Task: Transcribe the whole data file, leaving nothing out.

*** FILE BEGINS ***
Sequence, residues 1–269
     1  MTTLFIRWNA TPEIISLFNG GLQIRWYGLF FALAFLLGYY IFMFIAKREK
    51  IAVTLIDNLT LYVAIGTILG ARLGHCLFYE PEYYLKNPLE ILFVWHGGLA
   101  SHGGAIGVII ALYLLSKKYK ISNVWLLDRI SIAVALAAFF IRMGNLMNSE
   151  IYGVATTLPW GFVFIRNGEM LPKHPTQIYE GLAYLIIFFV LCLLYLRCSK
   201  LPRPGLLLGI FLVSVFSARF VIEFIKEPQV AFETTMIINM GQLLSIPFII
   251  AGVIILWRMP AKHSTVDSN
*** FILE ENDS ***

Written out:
Sequence, residues 1–269
     1  MTTLFIRWNA TPEIISLFNG GLQIRWYGLF FALAFLLGYY IFMFIAKREK
    51  IAVTLIDNLT LYVAIGTILG ARLGHCLFYE PEYYLKNPLE ILFVWHGGLA
   101  SHGGAIGVII ALYLLSKKYK ISNVWLLDRI SIAVALAAFF IRMGNLMNSE
   151  IYGVATTLPW GFVFIRNGEM LPKHPTQIYE GLAYLIIFFV LCLLYLRCSK
   201  LPRPGLLLGI FLVSVFSARF VIEFIKEPQV AFETTMIINM GQLLSIPFII
   251  AGVIILWRMP AKHSTVDSN